Plenary II, General Assembly 2001
General Assembly 2001 Event 2003
Friday Plenary Features Debate on Study/Action Issues and a Farewell from President Buehrens
(Cleveland, OH—June 22, 2001) Making their way into the Cleveland Public Auditorium under gray skies, delegates and observers of the fortieth Unitarian Universalist Association (UUA) General Assembly (GA) were called to order by Moderator Denny Davidoff. Davidoff called on Dr. John Thomas, President, United Church of Christ (based in Cleveland) to bring greetings to the delegates. Following Dr. Thomas' presentation, where he expressed his appreciation for the support of Unitarian Universalists in their vigil against racist treatment of native Americans by the Cleveland Indians baseball team, Davidoff called on members of the UUA Board of Trustees to present a picture of the work of the board over the last year. Dr. Elisabeth McGregor, first vice moderator, and Sue Stukey, second vice moderator, offered their learnings and perspectives to the delegates.
Davidoff called on Rev. Barbara Child, chair of the Commission on Social Witness (CSW), to orient delegates to the CSW process and then called for a discussion of study/action issues. An amendment brought by the young adult caucus, to delay discussion on study/action issues pending workshops on these issues was brought to the floor, suggesting that several items from the Saturday plenary be moved to Friday. Davidoff suggested a compromise, affirmed by informal consensus of the plenary, to hold discussion of Study/Action Issue's (SAI's) in today's agenda, but delay a vote until Saturday, with Saturday's other items remaining in place on the Saturday agenda.
Five Study/Action Issues have been proposed out of a preference vote taken by certified UUA congregations, determining the top five items for the final agenda. They are:
- S-7, Separation of Church and State. The issue is: what can Unitarian Universalists (UUs) do to help achieve appropriate balance between preserving individual religious freedoms and promoting religious and moral values in public life?
- S-5, Prison Reform. The issue is: How can UUs formulate and advocate humane and ethical ways of dealing with the ever-growing challenge of our prison population, the prison industry, and methods of detention and rehabilitation?
- S-1, The Changing Family. The issue: How can UUs best encourage loving, responsible, and nurturing domestic relationships while responding to the challenges of contemporary family life?
- S-2, Economic Globalization. The issue: How can UUs respond to the unprecedented opportunities and potentially dangerous environmental, political, and quality-of-life challenges accompanying economic globalization?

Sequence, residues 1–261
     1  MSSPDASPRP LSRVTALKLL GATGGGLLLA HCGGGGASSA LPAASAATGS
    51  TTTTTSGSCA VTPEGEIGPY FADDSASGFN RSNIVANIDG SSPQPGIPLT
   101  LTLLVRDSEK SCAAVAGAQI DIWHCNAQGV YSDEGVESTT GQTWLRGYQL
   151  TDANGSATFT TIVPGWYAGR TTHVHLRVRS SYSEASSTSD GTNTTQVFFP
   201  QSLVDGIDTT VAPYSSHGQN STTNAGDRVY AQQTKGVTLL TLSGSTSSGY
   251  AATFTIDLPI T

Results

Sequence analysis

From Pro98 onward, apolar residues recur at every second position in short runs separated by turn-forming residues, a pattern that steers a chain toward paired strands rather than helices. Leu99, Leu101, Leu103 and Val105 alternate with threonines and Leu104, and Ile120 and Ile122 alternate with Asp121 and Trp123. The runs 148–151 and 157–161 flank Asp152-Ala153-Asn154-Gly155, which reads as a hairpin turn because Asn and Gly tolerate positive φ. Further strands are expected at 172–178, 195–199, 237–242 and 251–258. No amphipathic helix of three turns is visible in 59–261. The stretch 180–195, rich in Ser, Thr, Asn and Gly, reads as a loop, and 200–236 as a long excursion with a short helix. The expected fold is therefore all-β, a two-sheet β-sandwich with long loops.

- S-5, US Election Reform. The issue: How can UUs work to transform the election process in the United States to ensure everyone's right to vote is honored, all votes are counted, and so-called 'third parties' can compete effectively?
Presentation of the issues was impassioned and centered around advocating for each of the issues under consideration. Among those speaking was Rev. Nurya Love Parish, minister of the Epiphany UU Church in Fenton, MI, who spoke in support of S-1, The Changing Family. Parish urged delegates to support the resolution, which embraces all kinds of families and is designed to lift up all models of family structures.
John Jayes, who operates a website for families of those in prison, spoke in favor of the prison reform resolution. "The public has allowed the criminal justice system to become places of retribution and punishment," he said. "How many of you know that there is no parole in the federal prison system any more? How many of you know that although blacks use drugs at the same rate as whites, blacks have three times more chance of being sent to prison?..."
On the Economic Globalization issue, Strider Benston of the UU Church of Boulder, CO, spoke with passion about how the different governments and cultures of the world have been destroyed by those who want to impose economic greed on existing systems.
Speaking for the proposed action on election reform in the U.S., Roger Barth of California talked about how democracy depends on politicians, and how we need to study ways to improve our electoral system in the U.S. "We need to bring in more people to make decisions, he said, "more minority votes, and we need to make certain there are fair ways of voting..."
Rev. David Johnson of First Parish, Brookline, MA, spoke on the separation of church and state. He said, in part: "We (Unitarian Universalists) led on this issue in the 40's, 50's, 60's—we fool ourselves into thinking it has vanished, it has not. Aggressive religion is appearing in our schools, it is affecting our schools, our libraries, sex education, and many other subjects. Think also of the effect on the network of social services that are impacted so much today...They struggle to survive..."
Debate finished after thirty minutes, and Davidoff asked the delegates to arrive at the plenary on Saturday prepared for a final round of discussion and a vote.
Helene Atwan, Director of Beacon Press, presented information on Beacon. She quoted Albert Schweitzer and former UUA president (now Executive Director of Amnesty International USA) William Schulz in affirming the value of the press. Atwan reviewed its history, including early days publishing hymnbooks and religious texts, and later, books on Albert Schweitzer and other world leaders, making the press a widely recognized voice for liberal religious values. Among the titles produced by Beacon: Paul Blanchard's "American Freedom and Catholic Power," twenty-six printings, 300,000 copies sold. James Baldwin's "Notes of a Native Son" was published by Beacon—and is still read and taught all over the U.S. Other notable titles include Paul Robeson's "Here I Stand," and Gandhi's autobiography. Viktor Frankl's "Man's Search for Meaning," named one of ten most influential books in America in 1991 by the Library of Congress was another notable title of the past, as was "The Pentagon Papers," the only complete edition of these documents crucial to this understanding of the Vietnam war. More recently, the press has published "Next Time, She'll be Dead" by Ann Jones, focusing on battering and how to stop it; "Transgender Warriors" by Leslie Feinberg; "The Measure of Our Success" by Marian Wright Edelman, with over 250,000 copies sold; and "Race Matters" by Cornel West.